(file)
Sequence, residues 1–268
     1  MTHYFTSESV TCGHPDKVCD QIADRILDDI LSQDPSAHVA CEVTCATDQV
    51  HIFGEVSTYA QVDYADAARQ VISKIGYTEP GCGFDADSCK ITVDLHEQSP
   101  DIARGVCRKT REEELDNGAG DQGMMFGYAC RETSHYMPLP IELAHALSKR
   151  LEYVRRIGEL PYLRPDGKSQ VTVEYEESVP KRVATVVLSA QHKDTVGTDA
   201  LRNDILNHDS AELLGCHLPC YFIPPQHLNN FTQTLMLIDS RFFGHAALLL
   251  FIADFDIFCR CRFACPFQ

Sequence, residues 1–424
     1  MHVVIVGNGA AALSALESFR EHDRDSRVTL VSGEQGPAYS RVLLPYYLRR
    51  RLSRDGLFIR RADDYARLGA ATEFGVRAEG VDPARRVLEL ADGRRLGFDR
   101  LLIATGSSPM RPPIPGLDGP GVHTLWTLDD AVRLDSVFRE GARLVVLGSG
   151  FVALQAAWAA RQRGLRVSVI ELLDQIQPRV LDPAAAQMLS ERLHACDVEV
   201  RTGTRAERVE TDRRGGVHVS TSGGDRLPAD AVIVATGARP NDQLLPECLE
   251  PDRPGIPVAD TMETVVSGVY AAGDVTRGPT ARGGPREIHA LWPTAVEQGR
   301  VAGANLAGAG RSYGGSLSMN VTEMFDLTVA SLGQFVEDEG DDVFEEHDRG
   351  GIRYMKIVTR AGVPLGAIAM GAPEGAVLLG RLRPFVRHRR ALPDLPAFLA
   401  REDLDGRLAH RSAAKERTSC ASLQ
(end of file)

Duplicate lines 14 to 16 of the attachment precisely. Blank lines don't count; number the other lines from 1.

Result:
   251  PDRPGIPVAD TMETVVSGVY AAGDVTRGPT ARGGPREIHA LWPTAVEQGR
   301  VAGANLAGAG RSYGGSLSMN VTEMFDLTVA SLGQFVEDEG DDVFEEHDRG
   351  GIRYMKIVTR AGVPLGAIAM GAPEGAVLLG RLRPFVRHRR ALPDLPAFLA